Story time in math class!

I love teaching math with stories. Not only do I value the authentic nature of solving math problems from books, I love how quickly they can engage a whole class. I find it so rewarding when a child makes the connection between the story and the math involved. I taught with a book the other day in kindergarten and all of us laughed when one kid yelled out, “hey, this is just like math!”, not making the connection that I was there to teach math!

My pet peeve, is that sometimes it is so difficult to find a book that teaches what I want to teach, when I want to teach it,  in the way that I want to teach it!

I give you Exhibit A!

book-req

Even after exhaustive on-line searches, a plethora of librarian requests, asking all my mathy friends on twitter and begging Marilyn Burns to write another book…I still find it hard to get that picture book that would explain the concept I want, perfectly. I’ve even considered asking my friend, who says that she has always wanted to write a kids book, to help me! (Shar expect a phone-call!). I could tell her the concept, she could write the story, and we could get someone else to do the pictures so we don’t scare the children!

I give you Exhibit B!

img_1388

This is a dog…in case you were wondering!

So when I do find the perfect book, I have to share it with everyone! Last week, I began a kindergarten class with the book called: “One is a snail Ten is a crab – A counting by feet book”, by April and Jeff Sayre and the kids loved it! I was getting so tired of all the books that predictably count up by one or down by one, and although this book does do that, it is a great book to use for showing different ways to compose numbers.

I give you Exhibit C!

onesnail

One is a snail, ten is a crab by April and Jeff Sayre

I would read a page, and then ask the students so, “What is 6”. Here are the responses I got:

“An insect!”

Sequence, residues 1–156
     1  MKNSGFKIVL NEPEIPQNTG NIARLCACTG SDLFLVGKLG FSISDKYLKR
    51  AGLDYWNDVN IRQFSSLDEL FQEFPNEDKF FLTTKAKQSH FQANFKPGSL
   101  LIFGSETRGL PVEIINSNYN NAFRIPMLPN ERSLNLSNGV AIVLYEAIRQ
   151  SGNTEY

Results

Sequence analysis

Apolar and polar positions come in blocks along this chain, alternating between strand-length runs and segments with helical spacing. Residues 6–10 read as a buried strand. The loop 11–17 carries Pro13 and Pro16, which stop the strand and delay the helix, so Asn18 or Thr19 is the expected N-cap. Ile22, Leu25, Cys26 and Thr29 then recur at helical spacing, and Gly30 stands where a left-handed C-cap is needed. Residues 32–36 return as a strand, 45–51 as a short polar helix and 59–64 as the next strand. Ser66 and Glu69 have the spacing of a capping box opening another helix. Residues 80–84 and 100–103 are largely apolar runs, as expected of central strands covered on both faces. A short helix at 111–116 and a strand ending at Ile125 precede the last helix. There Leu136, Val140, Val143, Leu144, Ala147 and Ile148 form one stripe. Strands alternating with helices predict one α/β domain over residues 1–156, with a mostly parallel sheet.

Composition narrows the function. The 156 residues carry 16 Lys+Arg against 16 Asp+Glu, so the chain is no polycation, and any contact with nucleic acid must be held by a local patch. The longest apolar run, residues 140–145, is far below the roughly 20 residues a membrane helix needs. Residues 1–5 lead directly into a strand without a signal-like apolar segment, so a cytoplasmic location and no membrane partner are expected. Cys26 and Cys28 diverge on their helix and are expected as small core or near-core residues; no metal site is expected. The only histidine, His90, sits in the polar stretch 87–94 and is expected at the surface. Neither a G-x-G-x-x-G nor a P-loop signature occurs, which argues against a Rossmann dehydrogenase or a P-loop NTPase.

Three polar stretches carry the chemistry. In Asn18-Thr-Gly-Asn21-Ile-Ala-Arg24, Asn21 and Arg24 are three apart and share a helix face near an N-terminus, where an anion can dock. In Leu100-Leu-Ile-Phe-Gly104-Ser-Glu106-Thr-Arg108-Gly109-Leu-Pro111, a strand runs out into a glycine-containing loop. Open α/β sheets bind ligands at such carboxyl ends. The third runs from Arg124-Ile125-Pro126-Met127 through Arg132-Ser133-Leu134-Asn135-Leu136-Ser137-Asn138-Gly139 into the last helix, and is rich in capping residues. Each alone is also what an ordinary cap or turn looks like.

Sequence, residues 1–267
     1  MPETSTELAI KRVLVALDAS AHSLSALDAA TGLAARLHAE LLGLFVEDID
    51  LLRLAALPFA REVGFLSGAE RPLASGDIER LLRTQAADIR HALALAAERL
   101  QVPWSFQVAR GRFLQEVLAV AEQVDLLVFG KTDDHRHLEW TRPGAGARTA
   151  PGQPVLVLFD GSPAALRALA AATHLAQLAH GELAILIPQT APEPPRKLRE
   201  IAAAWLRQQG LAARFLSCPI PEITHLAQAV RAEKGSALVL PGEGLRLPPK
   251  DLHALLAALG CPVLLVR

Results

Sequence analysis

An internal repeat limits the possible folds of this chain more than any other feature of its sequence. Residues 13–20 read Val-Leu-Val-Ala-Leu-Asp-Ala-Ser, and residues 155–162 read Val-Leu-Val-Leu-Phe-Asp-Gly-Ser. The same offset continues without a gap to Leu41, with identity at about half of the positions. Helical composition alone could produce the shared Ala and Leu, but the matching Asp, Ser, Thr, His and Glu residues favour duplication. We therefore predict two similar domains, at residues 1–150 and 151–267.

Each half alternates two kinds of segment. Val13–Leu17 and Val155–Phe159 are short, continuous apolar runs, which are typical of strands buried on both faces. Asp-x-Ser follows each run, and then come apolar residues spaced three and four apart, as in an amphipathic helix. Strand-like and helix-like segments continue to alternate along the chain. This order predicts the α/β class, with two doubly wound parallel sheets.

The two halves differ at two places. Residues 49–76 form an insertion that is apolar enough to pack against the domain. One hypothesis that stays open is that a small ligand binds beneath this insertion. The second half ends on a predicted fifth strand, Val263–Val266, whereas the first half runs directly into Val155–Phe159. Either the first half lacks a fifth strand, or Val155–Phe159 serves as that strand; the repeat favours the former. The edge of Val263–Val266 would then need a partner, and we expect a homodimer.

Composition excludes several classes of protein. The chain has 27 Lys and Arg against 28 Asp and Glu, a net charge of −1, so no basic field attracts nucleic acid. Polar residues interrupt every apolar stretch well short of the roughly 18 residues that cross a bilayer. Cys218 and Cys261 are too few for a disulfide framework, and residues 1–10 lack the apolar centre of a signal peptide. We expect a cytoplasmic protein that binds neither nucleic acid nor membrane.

“ Six snails!”

“ A dog and a person!”

And the really clever individual: “3 people!”

Without knowing it, I had generated a number talk and every time someone offered a different way of making 6, all the kids were amazed! What’s great about the book, is the authors mix up their ways of composing the number too! Sometimes it is just one thing (i.e. a spider), and other times it is a combination of things (i.e. six snails)! This is a great book for those kids who are ready to step beyond the predictable patterns normally found in books.

Here’s Rory and Oliver trying to figure out what comes next. They obviously need more exposure with crabs!

Next week, I am going to use the same book for grade one in order to demonstrate equivalence. “Oh – so a dog and a person (4+2) is the same as six snails (1+1+1+1+1+1).” Since our school just bought a whole bunch of cuisenaire rods, I’m going to have the students use cuisenaire rods to record their responses.

I give you Exhibit D! (In class, we will use the concrete rods and a white board to record our work).

file_000-1

Using cuisenaire rods to demonstrate equivalence.

If the teachers have time, I think we’ll extend it even further by having them make mobiles where one side is equal to the other side! I’m so excited! And what inspired me? A book!

Needless to say, I’m not the only one who appreciates this book. I stopped at page 10 (“ten is a crab”) for my K and 1 classes, but the book continues and could be used for many number concepts in K-2. Even Rory wanted to continue reading and as a result, got to demonstrate his new math milestone: counting by tens to one hundred!

If you search the net, you will find a lot of resources to help you use this book in your classroom as well.

Click here  for some suggestions!

Meanwhile, do you have other great books for the math classroom? Let me know in the comments section below!